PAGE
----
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Cornish Opera Theater Presents “Le Bourgeois Gentilhomme”

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Cornish Opera Theater presents the rarely-staged Molière and Jean-Baptiste Lully comic opera/ballet Le Bourgeois Gentilhomme (The Bourgeois Gentleman) October 18 and 19 in the Cornish Playhouse at the Seattle Center, 201 Mercer St., in Seattle.

Makaela Pollock directs the production, which is performed in English with musical selections sung in the original French. The renowned baroque music specialist Stephen Stubbs leads the period instrument ensemble that accompanies the action as well as provides musical direction for the entire production. Noted baroque choreographer Anna Mansbridge choreographs the dances for this comic opera/ballet. Adam Burdick directs the chorus.

Cornish Opera Theater presents
Le Bourgeois Gentilhomme
By Jean-Baptiste Lully and Molière
Cornish Playhouse at Seattle Center
Platinum Sponsor: Seattle Center
201 Mercer Street, Seattle
Friday, October 18, 8 p.m.
Saturday, October 19, 8 p.m.
Tickets: $20 general; $15 seniors; $10 students and Cornish alumni, $5 Teen Tix (members only)
Available online,, or by phone at Brown Paper Tickets 1.800.838.3006.

About the work

When Louis XIV was crowned King of France in 1661 at the age of 23, he was already a devoted and celebrated dancer, who appeared regularly in the ballets of Lully. During the first decade of his reign, he remained close to this art and this artist, commissioning Lully and Molière to create a number of musical dramatic works, Le Bourgeois Gentilhomme among them.

In the realm of dramatic poetry, Molière was the greatest poet of Louis XIV’s court, such that it was almost inevitable that Lully and Molière would team up to forge a new form of musical dance theater which they called the Comedie-Ballet. They created the first in this genre in 1664 with Le Mariage force. What followed was an unbroken chain of “hit shows” that lasted until 1671, of which Le Bourgeois Gentilhomme (produced in 1670) was the most popular of all. Rarely in the history of theater have the arts of music, dance and poetry been held in such an exquisite balance as during these years at the court of Louis XIV and the collaborations of Lully and Molière.

Le Bourgeois Gentilhomme pokes fun at the pretensions of the newly and grotesquely rich Monsieur Jourdain, as fresh a source of humor and discomfort today as it was when Molière penned the lines in 1670. In many ways, the combined genius of Lully and Molière produced a brilliant prototype for the modern musical comedy of today.

About the artists

Stephen Stubbs, Music Director. After a thirty-year career in Europe, Stephen Stubbs returned to his native Seattle in 2006 to establish Pacific MusicWorks, an organization dedicated to the contemporary presentation of early music. The company’s inaugural production of Monteverdi’s Il ritorno d’Ulisse in patria, directed for the stage by South African artist William Kentridge was universally lauded by critics and public alike. Subsequent productions have included Monteverdi’s Combattimento di Tancredi as well as the Monteverdi Vespers and Handel’s Esther, performances described by the Seattle Times as “utterly thrilling” and “of a quality you are unlikely to encounter anywhere else in the world.” Since 1997 Stephen has also served as co-artistic director of the biannual Boston Early Music Festival where he has directed or co-directed productions of Conradi’s Ariadne, Lully’s Thesee and Psyché, Steffani’s Niobe, Handel’s Acis and Galatea and overseen three Grammy-nominated recordings. Stephen’s other recent engagements have included conducting Handel’s Guilio Cesare and Gluck’s Orfeo in Bilbao, Spain, Monteverdi’s L’Orfeo for the Netherlands Opera, and Handel’s Agrippina for UCLA. 2011 saw his debut conducting the Seattle Symphony Orchestra in a performance of Vivaldi’s Four Seasons. This is the third production that Stephen music directed for Cornish Opera Theater: previous productions include Francesca Caccini’s La Liberazione di Ruggiero dall’isola d’Alcina (1625) and John Blow’s Venus and Adonis (1684).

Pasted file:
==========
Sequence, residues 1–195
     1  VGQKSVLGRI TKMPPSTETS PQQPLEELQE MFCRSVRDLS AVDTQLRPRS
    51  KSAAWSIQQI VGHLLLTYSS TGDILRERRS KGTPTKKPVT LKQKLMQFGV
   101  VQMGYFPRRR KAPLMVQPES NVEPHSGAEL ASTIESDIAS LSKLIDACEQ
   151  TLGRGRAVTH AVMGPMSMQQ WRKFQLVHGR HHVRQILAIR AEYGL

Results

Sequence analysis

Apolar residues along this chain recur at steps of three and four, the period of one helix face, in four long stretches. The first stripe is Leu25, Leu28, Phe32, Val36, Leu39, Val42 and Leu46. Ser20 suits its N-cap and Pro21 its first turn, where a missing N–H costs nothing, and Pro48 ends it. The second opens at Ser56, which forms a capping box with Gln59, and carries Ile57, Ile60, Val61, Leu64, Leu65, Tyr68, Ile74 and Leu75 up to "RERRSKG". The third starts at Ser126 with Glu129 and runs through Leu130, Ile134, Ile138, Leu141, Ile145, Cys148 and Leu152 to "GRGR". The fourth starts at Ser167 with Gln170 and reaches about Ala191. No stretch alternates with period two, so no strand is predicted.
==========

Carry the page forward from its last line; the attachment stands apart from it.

Makaela Pollock, Stage Director, grew up in California, where she began her theater training by studying with Shakespeare Santa Cruz and founding a youth-run community theater. She moved on to work and study with Oregon Shakespeare Festival, Trinity Repertory, Steppenwolf, The Writer’s Theatre, Lookingglass Theatre, Summer Repertory Theater, and Annex Theatre. Favorite productions include: A new musical adaptation of Figaro, Frank Wildhorn’s CivilWar, Twelfth Night, Richard III, The Learned Ladies, A Mouthful of Birds, Waiting For Godot, Marat/Sade, and Betrayal. She also was lucky enough to be a part of Paula Vogel’s Brown MFA New Plays Festival for three years; her premieres include What Once We Felt by Ann Marie Healy, House of Gold by Gregory S. Moss, Sixty Miles to Silver Lake and Bruise Easy by Dan Le Franc. Pollock has assistant directed The Fantasticks and A Christmas Carol at Trinity Rep, and The Shaggs: Philosophy of the World at Lookingglass Theatre. She holds a BA in Drama from Vassar College and an MFA from The Brown University/Trinity Rep Consortium.


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